"By Aeroplane to Pygmyland" Accounts of the 1926 Smithsonian-Dutch Expedition to New Guinea

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Journal of Matthew Stirling
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October 8, 1926 : Agintawa District

October 8

"When the "fireless cooker" was opened, the wife brought us over a healthy handout of cooked potatoes and greens."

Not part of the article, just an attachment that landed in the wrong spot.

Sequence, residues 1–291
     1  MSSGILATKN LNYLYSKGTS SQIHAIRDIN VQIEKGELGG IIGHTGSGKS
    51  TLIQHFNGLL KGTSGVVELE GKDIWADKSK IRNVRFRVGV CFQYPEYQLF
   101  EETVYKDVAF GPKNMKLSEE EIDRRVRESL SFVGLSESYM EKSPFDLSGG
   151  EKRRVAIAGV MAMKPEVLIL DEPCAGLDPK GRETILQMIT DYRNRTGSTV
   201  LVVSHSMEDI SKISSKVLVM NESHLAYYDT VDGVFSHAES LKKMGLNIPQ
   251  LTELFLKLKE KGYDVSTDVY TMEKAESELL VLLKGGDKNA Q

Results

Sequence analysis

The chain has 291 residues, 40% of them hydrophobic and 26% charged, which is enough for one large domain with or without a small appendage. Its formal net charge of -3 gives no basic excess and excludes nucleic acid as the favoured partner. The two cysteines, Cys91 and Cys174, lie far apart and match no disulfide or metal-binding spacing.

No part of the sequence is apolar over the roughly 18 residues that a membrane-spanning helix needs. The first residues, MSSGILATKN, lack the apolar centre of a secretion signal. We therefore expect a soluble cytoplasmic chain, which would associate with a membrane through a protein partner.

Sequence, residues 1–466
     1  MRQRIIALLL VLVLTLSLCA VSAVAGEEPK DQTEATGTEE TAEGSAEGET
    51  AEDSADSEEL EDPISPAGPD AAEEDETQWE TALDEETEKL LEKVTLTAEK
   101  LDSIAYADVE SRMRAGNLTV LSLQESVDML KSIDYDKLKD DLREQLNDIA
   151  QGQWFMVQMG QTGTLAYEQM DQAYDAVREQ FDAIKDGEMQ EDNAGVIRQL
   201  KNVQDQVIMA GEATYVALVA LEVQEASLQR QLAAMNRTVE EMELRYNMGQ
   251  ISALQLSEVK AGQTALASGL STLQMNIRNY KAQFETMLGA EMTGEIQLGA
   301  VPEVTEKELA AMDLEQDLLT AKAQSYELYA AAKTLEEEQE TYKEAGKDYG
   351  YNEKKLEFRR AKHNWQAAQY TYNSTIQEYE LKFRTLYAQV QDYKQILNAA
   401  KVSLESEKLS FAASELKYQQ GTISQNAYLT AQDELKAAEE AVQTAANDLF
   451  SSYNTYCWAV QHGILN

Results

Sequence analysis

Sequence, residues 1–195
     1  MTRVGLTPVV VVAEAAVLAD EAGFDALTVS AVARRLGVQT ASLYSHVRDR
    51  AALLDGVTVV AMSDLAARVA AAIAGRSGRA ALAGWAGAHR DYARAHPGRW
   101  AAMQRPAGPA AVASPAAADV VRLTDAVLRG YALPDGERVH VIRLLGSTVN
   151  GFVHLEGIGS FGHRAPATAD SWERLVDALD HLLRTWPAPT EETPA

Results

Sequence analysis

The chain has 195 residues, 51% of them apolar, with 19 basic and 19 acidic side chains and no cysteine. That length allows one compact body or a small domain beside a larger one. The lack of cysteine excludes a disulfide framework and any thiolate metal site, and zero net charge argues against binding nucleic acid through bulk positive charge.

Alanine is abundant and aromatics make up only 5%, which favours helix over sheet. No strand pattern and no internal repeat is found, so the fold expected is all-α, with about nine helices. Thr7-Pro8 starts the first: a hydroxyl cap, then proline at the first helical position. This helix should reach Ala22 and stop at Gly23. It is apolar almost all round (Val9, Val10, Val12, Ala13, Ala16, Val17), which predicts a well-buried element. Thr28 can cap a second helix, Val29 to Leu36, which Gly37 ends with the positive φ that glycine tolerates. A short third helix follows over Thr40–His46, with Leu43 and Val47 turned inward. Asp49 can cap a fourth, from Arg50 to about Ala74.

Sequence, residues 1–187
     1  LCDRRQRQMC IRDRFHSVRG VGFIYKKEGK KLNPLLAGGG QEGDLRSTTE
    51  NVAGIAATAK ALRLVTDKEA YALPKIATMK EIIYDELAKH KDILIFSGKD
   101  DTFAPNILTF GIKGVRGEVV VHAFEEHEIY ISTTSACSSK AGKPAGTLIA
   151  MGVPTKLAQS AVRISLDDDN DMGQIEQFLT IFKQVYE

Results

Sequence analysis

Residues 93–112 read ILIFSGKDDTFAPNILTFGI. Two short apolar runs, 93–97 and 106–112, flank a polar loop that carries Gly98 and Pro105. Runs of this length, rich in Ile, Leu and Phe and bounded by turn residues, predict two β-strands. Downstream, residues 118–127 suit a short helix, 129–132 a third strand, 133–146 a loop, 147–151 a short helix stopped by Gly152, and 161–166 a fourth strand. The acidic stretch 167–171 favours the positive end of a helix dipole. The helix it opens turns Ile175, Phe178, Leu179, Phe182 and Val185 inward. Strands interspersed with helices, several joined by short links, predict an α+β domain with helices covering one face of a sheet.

Dick and Stan worked most of the morning taking movies of women working in the gardens and also went up the to nearest of the villages I visited yesterday and took some scenic pictures. I noticed a number of men this morning with whom I had traded, soaking their cowries in blood, probably this stains them yellow, the color they best like them to be. There were fewer visitors than usual today and those who came went home fairly early. The result is that family life here is getting back rapidly to normal. This evening old Shylock came over to visit us and smoke his pipe around our fire; his wife gave him a good scolding for loafing and not bringing in the wood as usual (which he then dutifully did; apologizing for his wife's lack of company manners). The small boys put in an evening of strenuous play which seemed to consist of hunting cassowaries, wild pigs, and sham battle. They hurled mud at {p. 285} each other and made violent threats of using big clubs and stones. When the "fireless cooker" was opened, the wife brought us over a healthy handout of cooked potatoes and greens. They are prepared very cleanly and we ate them, finding both quite good and tasting as tho' they had been boiled. There is a variety of big white grub which they find when splitting wood, which seems to be quite a delicacy and is usually given the small children. They parch them a little on the open fire before eating them and register great pleasure the while.

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